Courtesy Tobias Collier.

Dates: 30 October 2009 – 13 November 2009
Venue: Delfina Foundation
Artist Talk: 1 November 2009, 14:00 – 15:00
Royal Greenwich Observatory

Tobias Collier presents new works, produced during his residency in Damascus in 2009.

Tobias Collier’s work can be seen as an attempt to visually articulate a great epistemological challenge: that of the human mind encountering the intellectually imponderable. Encompassing elements of sculpture, installation, drawing, performance and video, Tobias Collier’s practice partly relies upon the translation of scientific research methodologies to the processes of art making. Using Art as their field of enquiry, the subsequent works function as mechanisms within the context of a research practice and present a unique combination of scientific processes with poetic artistry.

Playing with current ideas around Astronomy and Cosmology, Tobias Collier’s quotidian metaphors examine our cultural relationship to outer space, using objects of daily existence. They highlight the limitations and inadequacy of man-made processes such as logic (modelling, hypothesizing, inferring and inducing), analogies and metaphors when attempting to comprehend systems and structures that extend beyond our everyday experience.


Bifurcation Chair (2009) explores notions around unpredictable change and chaos. The sculpture suggests the process of change from one stable state, to another, through a realm of complex transformations and interactions, eventually resulting in regained harmony.

The Conflict between Belief and Reason  (2009) features a globe, a crystal ball, and a deflated balloon upon which the one-legged fragment of a table rests. Creating a symbiosis between scientific explanations and religious discourses on the origins of the universe, this unstable system, caught in a moment of seemingly impossible equilibrium, highlights our propensity to rely on structures of faith to organize our experience of the world.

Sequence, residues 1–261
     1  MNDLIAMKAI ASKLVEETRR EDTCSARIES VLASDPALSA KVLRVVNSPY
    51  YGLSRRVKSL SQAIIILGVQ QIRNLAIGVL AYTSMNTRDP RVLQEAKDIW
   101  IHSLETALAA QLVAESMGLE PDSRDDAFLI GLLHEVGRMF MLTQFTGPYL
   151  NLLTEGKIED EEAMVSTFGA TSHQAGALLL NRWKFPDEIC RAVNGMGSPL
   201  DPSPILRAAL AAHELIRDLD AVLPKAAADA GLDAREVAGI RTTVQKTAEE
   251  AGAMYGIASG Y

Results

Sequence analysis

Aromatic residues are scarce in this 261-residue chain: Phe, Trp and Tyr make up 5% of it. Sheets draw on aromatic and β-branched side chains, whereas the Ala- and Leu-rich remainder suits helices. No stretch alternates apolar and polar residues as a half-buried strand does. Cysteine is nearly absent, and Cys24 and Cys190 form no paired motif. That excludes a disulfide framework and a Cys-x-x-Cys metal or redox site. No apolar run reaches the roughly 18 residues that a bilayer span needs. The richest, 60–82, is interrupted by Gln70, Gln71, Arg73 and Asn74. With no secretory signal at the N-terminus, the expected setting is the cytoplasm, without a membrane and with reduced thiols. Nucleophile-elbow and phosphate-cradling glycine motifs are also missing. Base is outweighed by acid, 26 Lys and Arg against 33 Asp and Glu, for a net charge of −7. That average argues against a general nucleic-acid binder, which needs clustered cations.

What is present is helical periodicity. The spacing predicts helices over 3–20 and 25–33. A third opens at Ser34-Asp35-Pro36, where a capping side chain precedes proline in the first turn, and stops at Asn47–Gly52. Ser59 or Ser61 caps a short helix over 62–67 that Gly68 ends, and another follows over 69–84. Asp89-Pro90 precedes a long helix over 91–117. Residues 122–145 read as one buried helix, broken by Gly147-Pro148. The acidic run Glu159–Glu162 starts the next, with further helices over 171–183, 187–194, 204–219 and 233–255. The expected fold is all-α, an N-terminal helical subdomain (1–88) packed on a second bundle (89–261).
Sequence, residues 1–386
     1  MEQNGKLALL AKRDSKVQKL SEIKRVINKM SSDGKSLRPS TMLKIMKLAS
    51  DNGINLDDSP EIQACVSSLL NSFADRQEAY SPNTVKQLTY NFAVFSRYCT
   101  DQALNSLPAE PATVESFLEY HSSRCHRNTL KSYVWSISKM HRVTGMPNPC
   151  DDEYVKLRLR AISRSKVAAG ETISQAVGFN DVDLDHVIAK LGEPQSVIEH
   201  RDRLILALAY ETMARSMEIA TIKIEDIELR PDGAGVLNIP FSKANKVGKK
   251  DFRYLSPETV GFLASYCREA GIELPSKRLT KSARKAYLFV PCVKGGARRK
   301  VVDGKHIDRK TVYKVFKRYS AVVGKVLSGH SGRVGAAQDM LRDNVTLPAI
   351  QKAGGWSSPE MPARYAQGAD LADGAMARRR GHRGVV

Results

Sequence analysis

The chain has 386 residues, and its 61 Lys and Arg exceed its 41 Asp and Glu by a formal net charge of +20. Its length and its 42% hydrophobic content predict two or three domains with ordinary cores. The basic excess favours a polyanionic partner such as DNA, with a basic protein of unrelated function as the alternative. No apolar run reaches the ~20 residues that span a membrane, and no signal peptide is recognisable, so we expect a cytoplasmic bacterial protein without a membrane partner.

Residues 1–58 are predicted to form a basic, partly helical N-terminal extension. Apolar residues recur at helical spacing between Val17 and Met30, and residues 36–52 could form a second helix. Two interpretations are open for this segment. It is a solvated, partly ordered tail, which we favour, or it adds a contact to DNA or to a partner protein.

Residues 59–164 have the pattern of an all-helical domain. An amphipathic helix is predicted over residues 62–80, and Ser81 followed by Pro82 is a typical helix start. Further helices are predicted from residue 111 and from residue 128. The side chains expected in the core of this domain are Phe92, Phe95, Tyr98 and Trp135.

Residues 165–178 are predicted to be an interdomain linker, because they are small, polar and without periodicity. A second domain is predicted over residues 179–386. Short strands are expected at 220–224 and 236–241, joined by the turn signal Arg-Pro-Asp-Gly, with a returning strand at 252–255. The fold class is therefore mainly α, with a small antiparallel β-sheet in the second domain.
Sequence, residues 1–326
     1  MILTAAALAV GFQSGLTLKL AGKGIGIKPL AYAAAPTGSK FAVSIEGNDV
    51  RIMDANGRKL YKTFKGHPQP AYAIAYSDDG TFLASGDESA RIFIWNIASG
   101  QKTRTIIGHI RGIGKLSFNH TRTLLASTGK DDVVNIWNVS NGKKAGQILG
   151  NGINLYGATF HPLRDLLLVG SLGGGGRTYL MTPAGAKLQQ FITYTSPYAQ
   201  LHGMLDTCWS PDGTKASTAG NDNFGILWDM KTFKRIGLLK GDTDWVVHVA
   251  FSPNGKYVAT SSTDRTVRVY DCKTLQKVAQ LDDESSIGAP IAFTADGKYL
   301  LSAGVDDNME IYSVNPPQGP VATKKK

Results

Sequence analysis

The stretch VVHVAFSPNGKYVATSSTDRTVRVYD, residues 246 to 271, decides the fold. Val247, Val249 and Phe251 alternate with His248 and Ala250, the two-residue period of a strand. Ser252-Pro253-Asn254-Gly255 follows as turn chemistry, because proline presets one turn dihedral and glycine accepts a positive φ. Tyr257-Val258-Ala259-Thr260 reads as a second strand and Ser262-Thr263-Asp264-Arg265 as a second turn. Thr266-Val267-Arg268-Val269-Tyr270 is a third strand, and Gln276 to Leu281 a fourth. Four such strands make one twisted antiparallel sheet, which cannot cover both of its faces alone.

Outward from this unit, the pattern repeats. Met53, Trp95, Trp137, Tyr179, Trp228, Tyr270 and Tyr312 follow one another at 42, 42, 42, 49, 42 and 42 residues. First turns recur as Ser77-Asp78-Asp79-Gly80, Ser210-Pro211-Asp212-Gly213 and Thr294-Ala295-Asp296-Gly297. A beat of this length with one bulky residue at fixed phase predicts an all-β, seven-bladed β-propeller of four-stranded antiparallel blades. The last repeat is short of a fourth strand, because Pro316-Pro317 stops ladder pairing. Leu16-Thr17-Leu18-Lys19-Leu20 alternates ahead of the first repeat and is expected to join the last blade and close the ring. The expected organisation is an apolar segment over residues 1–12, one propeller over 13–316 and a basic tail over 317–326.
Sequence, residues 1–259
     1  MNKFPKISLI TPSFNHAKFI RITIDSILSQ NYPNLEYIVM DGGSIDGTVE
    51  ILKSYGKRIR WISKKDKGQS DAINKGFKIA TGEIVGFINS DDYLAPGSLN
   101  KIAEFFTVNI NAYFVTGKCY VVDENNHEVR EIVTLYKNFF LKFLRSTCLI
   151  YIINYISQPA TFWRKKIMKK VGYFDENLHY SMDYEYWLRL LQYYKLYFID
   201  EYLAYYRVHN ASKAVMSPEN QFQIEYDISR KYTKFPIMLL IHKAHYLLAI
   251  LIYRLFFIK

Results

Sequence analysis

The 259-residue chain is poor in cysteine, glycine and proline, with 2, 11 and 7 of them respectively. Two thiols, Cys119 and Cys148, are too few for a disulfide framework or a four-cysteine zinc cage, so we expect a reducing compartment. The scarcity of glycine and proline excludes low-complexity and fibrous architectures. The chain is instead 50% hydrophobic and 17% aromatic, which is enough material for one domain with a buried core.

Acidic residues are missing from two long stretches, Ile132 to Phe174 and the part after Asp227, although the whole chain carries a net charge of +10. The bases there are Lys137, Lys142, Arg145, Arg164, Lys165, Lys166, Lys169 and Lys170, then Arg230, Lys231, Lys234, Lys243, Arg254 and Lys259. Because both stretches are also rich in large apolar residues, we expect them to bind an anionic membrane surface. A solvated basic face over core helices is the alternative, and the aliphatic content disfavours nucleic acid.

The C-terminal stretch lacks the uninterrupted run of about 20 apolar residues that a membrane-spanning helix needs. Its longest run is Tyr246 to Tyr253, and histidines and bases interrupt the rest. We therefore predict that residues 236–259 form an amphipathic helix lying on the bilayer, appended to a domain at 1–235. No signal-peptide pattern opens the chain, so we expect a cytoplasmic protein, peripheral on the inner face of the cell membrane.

In Untitled (2009), what looks like a traveling shot of a star-studded sky is, in fact, a single tracking shot documenting the holes in the ceiling of one of the largest souks, in the old city of Damascus. According to popular belief, these holes were caused by gunshots during the 1920s protests against the French mandate. The accompanying soundtrack is a recording of the noises and background voices of the souk’s thousands of daily visitors. Exploring the conflict between the sacred and the profane, positioning that tension at the core of human experience and frustration, the video is an abstract of our relationship to faith against diverging evidence. It ultimately suggests that art is perhaps an avatar of that condition.


Tobias Collier  (b.1972) graduated from Saint Martins School of Art in 1999. His first solo exhibition was at the VTO Gallery in 1999, and since then he has exhibited regularly both in the UK and abroad including shows at Steven Friedman Gallery, Lisson Gallery, the Royal Academy, HDK Munich and the Centre Pompidou in Paris.

Tobias was an international resident in Damascus, Syria, in collaboration with All Art Now and the Mustafa Ali Art Foundation. He currently lives and works in London. 

A collaboration with

Royal Observatory Greenwich